Guide: Upgrading your Gentoo kernel to 5.17.4/absolute latest Linux kernel

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Guide: Upgrading your Gentoo kernel to 5.17.0

2022-03-23

This guide will go over how to upgrade your kernel on Gentoo GNU/Linux to 5.17.0. If we check the sys-kernel/gentoo-sources package we can see that 5.17.0 is now available as of 2022-03-23. However it is not stable so we will need to unmask it.

First, let’s use the su command to change our user to root since many commands will require root permissions. You could use sudo/doas for each command but that’s painful.

Now, one pretty unstable way to do this is to simply have ACCEPT_KEYWORDS="~amd64" in /etc/portage/make.conf but this is not stable and will ALWAYS allow “untested” packages to be installed on your system. I and others prefer this but it’s not something you should use if you care about a stable system.

So instead, let’s individually unmask this package. Create /etc/portage/package.unmask and add sys-kernel/gentoo-sources to the file.

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Now, your sources are likely outdated so we will need to update them. To do this, run emerge --sync; emerge-webrsync

Once we’ve synced our repositories, let’s try running emerge --ask gentoo-sources. If the version is 5.17.0 or later then you’ve correctly unmasked and synced your repositories.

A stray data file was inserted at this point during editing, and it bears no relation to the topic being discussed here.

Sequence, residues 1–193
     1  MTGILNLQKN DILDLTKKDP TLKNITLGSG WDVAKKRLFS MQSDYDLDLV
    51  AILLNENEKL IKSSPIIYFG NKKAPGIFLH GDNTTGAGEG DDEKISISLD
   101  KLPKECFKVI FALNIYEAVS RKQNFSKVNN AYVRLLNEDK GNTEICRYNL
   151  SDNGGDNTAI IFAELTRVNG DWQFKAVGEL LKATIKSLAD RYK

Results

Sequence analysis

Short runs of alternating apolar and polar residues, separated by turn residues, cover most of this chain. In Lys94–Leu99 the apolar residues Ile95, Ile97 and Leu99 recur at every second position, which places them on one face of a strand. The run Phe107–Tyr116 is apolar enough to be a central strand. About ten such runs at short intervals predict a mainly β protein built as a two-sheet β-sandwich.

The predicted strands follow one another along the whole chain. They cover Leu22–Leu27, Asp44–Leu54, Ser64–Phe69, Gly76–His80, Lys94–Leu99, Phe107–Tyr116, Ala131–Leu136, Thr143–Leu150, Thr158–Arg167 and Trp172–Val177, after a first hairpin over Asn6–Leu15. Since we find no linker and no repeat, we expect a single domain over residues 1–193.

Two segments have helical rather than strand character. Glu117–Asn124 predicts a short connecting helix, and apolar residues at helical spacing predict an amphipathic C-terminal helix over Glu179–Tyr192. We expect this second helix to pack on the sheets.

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Now emerge this and wait.

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Once the emerge is complete it’s time to back up our kernel configuration. cd /usr/src/linux and cp kernel /home/user where kernel is the name of your kernel config and user is your user account. You don’t have to back it up to this place but you need a backup of your kernel configuration unless you wanna configure a new one. Now cd /home/user.

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Now that we have a backup of our previous configuration, it’s time to change our symlink. Run eselect kernel list

Then run eselect kernel set number where number is the number of the kernel you will be using (should be 5.17.0)

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cd /usr/src/linux; cp /home/user/kernel /usr/src/linux/.config; make olddefconfig.

This string of commands will copy the kernel config to the 5.17.0 kernel directory. The make olddefconfig will use your old kernel and set the new settings newer kernels offer to the defaults. This should be fine unless you NEED to change them.

Once this is complete, make sure your /boot is mounted and then run make -j$(nproc); make install to compile the kernel and copy it over to your /boot partition.

Finally, let’s make sure our bootloader can find it. For Grub, you need to grub-mkconfig -o /boot/grub/grub.cfg but if you’re not using Grub then you will have to use searx to find out what to do.

IMPORTANT: If you are using an initramfs then you need to create a new one. To do this you can use either genkernel or dracut. To use genkernel, run genkernel --install --kernel-config=/usr/src/linux/.config initramfs. Then just repeat the previous step.

Now you’re done. Now reboot and make sure your kernel boots. If you cannot boot, you will have to do some troubleshooting..

Have a good day and good luck with Gentoo.